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Reviewed by:
  • Coleridge’s Experimental Poetics by J. C. C. Mays, and: Coleridge’s Ancient Mariner by J. C. C. Mays, and: Coleridge’s Dejection Ode by J. C. C. Mays
  • Charles Mahoney (bio)
J. C. C. Mays. Coleridge’s Experimental Poetics. New York: Palgrave MacMillan, 2013. Pp. 287. $49.99 paper.
J. C. C. Mays. Coleridge’s Ancient Mariner. New York: Palgrave MacMillan, 2016. Pp. 267. $49.99 paper.
J. C. C. Mays. Coleridge’s Dejection Ode. New York: Palgrave MacMillan, 2019. Pp. 281. $69.99.

Three monographs on Coleridge’s poetry? Surely this is excessive. How much is there actually to say about his poetry? The canon is so limited. Perhaps a dozen important poems, with particular emphasis on the three supernatural poems (“The Ancient Mariner,” “Kubla Khan,” and “Christabel”), on all of which there has surely been more than enough criticism. With the completion of the Bollingen edition of the Collected Coleridge, ought we not concentrate instead on the critical writings in order to recognize Coleridge for what he essentially was—namely, a failed poet who succumbed to drug addiction and retreated into increasingly impenetrable prose when he wasn’t idling away his time scribbling marginalia? Coleridge himself acknowledged his poetic dereliction, declaring to Godwin in 1801 that “the Poet is dead in me” to such a degree that “I have forgotten how to make a rhyme,” and going so far as to instruct Godwin to say of him after his death that “ ‘Wordsworth descended on him, like the Gnōthi Seauton [Know Thyself] from Heaven; by shewing to him what true Poetry was, he made him know, that he himself was no Poet’ ” (Collected Letters, ed. E. L. Griggs, 2, 714; hereafter CL). There it is: Coleridge wasn’t really a poet. And to the degree that Coleridge the prose writer really concerns us, it is presumably as Wordsworth’s critical adjunct, the one contemporary able to elucidate the greater poet’s “true” poetry.

This is one version of the “encircling, stifling myth” that J. C. C. Mays attacks—indeed, relentlessly explodes—in his remarkable trilogy on Coleridge’s long, varied, and distinguished career as a poet. No English writer’s reputation, according to Mays, “has been stuck in such a rut for so long” [End Page 271] (Coleridge’s Ancient Mariner, 156; hereafter CAM). And the contours of the rut are as deep as they are unimaginative, contributing to the now archetypal Romantic myth of the “poet with three poems to his name, otherwise destroyed by metaphysics and drugs” (CAM, 155), the “young genius who went off the rails” (Coleridge’s Dejection Ode, 205; hereafter CDO). In the course of disentangling the persistent, unproductive conflation of the biography with the poetry, Mays radically rewrites the narrative arc of Coleridge’s life as a poet. Instead of the premise of early success disintegrating into decades of failure and disappointment, Mays positions the famous three as “the poems [Coleridge] wrote on the way to discovering how he wanted to write” (Coleridge’s Experimental Poetics, 12; hereafter CEP) and, in a related register, reads Coleridge’s attribution of grand poetic ambitions to Wordsworth not as an abdication of his own, but as the catalyst for him, alternatively, to “use verse to explore his own emotional states regardless of the need to create and hold a public audience” (CAM, 94). Mays’s Coleridge is a poet who wrote verse at every opportunity, whose later poetry was every bit as vital and as intellectual as his earlier work, and whose versifying was experimental to the end. The challenge for Coleridge’s twenty-first-century readers is twofold. First, to learn how to read other poetical works of Coleridge beyond the expectation that they should look and (at least as importantly) sound like the canonical poems: “the dozen better known poems on which his reputation rests are only the half of it; and yet what they share with the remainder is immediately recognizable when you listen for it, and carries into remote and unfamiliar places” (CEP, 12; emphasis added). Second, to reread the more famous poems in new contexts: to remember, for example, that “The Ancient Mariner” began as a parody...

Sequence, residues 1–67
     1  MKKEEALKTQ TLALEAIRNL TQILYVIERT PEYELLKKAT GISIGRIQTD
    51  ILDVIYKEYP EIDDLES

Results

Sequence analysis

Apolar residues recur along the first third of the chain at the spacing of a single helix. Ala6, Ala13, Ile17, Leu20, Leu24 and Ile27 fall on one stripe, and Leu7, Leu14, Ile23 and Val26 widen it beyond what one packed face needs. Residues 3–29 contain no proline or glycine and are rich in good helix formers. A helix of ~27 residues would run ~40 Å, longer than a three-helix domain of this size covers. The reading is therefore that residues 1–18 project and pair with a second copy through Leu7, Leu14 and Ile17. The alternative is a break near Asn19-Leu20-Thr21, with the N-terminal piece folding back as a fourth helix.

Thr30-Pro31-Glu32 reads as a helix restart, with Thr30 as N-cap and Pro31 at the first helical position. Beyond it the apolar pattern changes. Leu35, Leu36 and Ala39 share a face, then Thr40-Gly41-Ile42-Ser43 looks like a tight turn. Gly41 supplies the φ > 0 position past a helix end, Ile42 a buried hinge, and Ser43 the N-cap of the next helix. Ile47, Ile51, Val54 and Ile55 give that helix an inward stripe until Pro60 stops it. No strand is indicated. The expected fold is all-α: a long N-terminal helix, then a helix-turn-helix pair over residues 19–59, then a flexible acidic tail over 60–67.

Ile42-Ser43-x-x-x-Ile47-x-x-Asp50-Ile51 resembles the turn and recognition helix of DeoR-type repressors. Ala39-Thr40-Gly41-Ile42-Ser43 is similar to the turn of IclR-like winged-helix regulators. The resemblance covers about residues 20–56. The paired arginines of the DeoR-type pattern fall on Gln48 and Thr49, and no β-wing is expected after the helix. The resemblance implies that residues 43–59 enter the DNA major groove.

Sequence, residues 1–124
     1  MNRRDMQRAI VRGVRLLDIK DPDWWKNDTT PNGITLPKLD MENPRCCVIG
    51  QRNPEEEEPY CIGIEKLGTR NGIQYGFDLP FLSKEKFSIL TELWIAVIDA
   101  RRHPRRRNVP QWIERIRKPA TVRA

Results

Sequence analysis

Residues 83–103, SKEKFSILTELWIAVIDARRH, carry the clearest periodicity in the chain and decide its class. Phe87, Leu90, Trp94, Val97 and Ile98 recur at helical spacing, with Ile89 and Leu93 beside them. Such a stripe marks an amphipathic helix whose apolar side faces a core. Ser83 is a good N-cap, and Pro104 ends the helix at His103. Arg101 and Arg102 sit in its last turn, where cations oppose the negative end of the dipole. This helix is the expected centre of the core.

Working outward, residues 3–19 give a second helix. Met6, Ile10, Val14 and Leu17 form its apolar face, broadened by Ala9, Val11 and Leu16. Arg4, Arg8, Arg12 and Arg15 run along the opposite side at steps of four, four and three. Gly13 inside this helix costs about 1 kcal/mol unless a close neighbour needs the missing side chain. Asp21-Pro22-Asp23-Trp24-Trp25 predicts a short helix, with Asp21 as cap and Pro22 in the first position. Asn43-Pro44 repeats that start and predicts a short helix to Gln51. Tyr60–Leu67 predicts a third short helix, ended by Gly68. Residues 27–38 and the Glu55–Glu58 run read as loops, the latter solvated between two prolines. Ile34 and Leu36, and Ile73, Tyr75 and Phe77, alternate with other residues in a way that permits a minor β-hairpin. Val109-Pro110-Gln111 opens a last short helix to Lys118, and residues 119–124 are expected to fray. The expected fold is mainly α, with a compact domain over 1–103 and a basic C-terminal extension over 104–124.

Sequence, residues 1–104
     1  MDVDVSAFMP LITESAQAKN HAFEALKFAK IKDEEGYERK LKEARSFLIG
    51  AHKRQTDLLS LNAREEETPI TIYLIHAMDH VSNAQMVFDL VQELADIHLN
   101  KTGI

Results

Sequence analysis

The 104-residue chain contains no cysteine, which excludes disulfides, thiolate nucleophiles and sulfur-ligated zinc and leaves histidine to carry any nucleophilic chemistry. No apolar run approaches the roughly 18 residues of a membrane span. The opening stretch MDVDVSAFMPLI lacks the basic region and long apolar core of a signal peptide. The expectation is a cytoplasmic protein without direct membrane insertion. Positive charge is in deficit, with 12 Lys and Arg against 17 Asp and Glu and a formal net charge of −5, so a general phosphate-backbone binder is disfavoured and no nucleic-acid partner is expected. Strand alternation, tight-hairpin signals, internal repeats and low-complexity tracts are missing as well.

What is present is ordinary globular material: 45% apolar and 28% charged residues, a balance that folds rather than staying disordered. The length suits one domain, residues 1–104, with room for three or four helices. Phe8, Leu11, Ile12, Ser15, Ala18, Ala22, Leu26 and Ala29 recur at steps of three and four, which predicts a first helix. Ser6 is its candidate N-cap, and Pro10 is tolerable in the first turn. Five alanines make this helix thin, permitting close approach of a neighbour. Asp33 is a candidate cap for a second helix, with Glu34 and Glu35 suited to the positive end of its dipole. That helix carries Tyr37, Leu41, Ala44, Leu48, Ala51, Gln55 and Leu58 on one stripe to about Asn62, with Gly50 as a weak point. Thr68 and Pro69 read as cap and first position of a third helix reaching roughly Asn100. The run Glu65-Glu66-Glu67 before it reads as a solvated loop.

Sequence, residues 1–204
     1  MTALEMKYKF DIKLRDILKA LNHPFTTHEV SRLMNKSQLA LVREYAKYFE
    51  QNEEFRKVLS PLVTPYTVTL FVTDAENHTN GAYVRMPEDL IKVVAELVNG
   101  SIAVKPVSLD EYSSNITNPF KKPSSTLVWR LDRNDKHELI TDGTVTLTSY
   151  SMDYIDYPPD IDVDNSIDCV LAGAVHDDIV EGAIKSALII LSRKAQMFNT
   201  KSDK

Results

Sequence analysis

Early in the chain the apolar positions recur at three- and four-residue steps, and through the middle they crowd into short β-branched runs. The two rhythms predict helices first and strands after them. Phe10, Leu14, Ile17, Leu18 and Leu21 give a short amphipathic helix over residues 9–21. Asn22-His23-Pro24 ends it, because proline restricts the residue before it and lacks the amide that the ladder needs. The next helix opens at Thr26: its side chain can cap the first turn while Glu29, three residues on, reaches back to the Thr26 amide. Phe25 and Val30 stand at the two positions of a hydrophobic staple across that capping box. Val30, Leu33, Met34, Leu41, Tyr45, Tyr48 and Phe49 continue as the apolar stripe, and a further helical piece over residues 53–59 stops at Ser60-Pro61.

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pp. 271-280
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